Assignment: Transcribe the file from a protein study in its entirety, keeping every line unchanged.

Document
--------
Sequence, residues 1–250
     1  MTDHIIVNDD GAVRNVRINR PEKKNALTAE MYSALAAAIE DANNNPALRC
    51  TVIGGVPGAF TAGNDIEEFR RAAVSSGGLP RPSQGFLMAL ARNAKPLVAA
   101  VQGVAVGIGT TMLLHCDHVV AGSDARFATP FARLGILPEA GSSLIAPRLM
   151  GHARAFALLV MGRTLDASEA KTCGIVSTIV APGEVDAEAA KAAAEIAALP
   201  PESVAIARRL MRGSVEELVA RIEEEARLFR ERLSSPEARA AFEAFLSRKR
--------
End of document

Sequence, residues 1–250
     1  MTDHIIVNDD GAVRNVRINR PEKKNALTAE MYSALAAAIE DANNNPALRC
    51  TVIGGVPGAF TAGNDIEEFR RAAVSSGGLP RPSQGFLMAL ARNAKPLVAA
   101  VQGVAVGIGT TMLLHCDHVV AGSDARFATP FARLGILPEA GSSLIAPRLM
   151  GHARAFALLV MGRTLDASEA KTCGIVSTIV APGEVDAEAA KAAAEIAALP
   201  PESVAIARRL MRGSVEELVA RIEEEARLFR ERLSSPEARA AFEAFLSRKR